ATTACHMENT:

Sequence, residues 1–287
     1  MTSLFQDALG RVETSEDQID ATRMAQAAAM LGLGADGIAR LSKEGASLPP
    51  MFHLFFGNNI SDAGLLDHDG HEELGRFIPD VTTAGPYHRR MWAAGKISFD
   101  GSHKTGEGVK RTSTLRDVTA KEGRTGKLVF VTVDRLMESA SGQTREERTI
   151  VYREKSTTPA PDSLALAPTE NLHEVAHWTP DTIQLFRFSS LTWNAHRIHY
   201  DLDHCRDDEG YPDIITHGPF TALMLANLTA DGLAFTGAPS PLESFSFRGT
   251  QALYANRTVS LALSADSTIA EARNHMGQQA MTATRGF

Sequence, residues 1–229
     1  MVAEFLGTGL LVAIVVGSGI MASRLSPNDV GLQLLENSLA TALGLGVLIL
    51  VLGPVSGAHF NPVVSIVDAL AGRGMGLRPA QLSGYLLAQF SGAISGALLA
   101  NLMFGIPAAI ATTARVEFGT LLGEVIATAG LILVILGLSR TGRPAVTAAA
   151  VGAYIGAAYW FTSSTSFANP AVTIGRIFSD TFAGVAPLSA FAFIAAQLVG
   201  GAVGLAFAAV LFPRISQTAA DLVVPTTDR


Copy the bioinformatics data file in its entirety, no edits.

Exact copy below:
Sequence, residues 1–287
     1  MTSLFQDALG RVETSEDQID ATRMAQAAAM LGLGADGIAR LSKEGASLPP
    51  MFHLFFGNNI SDAGLLDHDG HEELGRFIPD VTTAGPYHRR MWAAGKISFD
   101  GSHKTGEGVK RTSTLRDVTA KEGRTGKLVF VTVDRLMESA SGQTREERTI
   151  VYREKSTTPA PDSLALAPTE NLHEVAHWTP DTIQLFRFSS LTWNAHRIHY
   201  DLDHCRDDEG YPDIITHGPF TALMLANLTA DGLAFTGAPS PLESFSFRGT
   251  QALYANRTVS LALSADSTIA EARNHMGQQA MTATRGF

Sequence, residues 1–229
     1  MVAEFLGTGL LVAIVVGSGI MASRLSPNDV GLQLLENSLA TALGLGVLIL
    51  VLGPVSGAHF NPVVSIVDAL AGRGMGLRPA QLSGYLLAQF SGAISGALLA
   101  NLMFGIPAAI ATTARVEFGT LLGEVIATAG LILVILGLSR TGRPAVTAAA
   151  VGAYIGAAYW FTSSTSFANP AVTIGRIFSD TFAGVAPLSA FAFIAAQLVG
   201  GAVGLAFAAV LFPRISQTAA DLVVPTTDR